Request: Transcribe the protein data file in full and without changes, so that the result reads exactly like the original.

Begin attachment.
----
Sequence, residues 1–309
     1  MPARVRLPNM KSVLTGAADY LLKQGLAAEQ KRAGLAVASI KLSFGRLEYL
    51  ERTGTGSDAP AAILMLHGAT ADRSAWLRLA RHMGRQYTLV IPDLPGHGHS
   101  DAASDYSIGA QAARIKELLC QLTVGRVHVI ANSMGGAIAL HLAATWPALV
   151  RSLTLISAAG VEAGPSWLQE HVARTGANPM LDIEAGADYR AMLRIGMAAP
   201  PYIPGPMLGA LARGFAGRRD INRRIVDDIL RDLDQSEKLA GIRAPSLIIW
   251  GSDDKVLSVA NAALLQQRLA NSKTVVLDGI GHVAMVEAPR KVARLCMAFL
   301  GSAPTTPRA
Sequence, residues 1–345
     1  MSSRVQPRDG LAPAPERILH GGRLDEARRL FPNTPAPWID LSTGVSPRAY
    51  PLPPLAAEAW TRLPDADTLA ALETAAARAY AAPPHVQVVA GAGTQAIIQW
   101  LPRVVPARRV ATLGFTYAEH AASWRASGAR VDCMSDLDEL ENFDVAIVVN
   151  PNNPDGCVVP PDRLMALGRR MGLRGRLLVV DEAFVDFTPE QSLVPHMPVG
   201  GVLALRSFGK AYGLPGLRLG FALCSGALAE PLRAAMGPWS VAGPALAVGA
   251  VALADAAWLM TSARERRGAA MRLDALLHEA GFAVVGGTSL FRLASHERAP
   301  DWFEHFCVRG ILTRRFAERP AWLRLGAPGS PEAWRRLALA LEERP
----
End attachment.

Sequence, residues 1–309
     1  MPARVRLPNM KSVLTGAADY LLKQGLAAEQ KRAGLAVASI KLSFGRLEYL
    51  ERTGTGSDAP AAILMLHGAT ADRSAWLRLA RHMGRQYTLV IPDLPGHGHS
   101  DAASDYSIGA QAARIKELLC QLTVGRVHVI ANSMGGAIAL HLAATWPALV
   151  RSLTLISAAG VEAGPSWLQE HVARTGANPM LDIEAGADYR AMLRIGMAAP
   201  PYIPGPMLGA LARGFAGRRD INRRIVDDIL RDLDQSEKLA GIRAPSLIIW
   251  GSDDKVLSVA NAALLQQRLA NSKTVVLDGI GHVAMVEAPR KVARLCMAFL
   301  GSAPTTPRA
Sequence, residues 1–345
     1  MSSRVQPRDG LAPAPERILH GGRLDEARRL FPNTPAPWID LSTGVSPRAY
    51  PLPPLAAEAW TRLPDADTLA ALETAAARAY AAPPHVQVVA GAGTQAIIQW
   101  LPRVVPARRV ATLGFTYAEH AASWRASGAR VDCMSDLDEL ENFDVAIVVN
   151  PNNPDGCVVP PDRLMALGRR MGLRGRLLVV DEAFVDFTPE QSLVPHMPVG
   201  GVLALRSFGK AYGLPGLRLG FALCSGALAE PLRAAMGPWS VAGPALAVGA
   251  VALADAAWLM TSARERRGAA MRLDALLHEA GFAVVGGTSL FRLASHERAP
   301  DWFEHFCVRG ILTRRFAERP AWLRLGAPGS PEAWRRLALA LEERP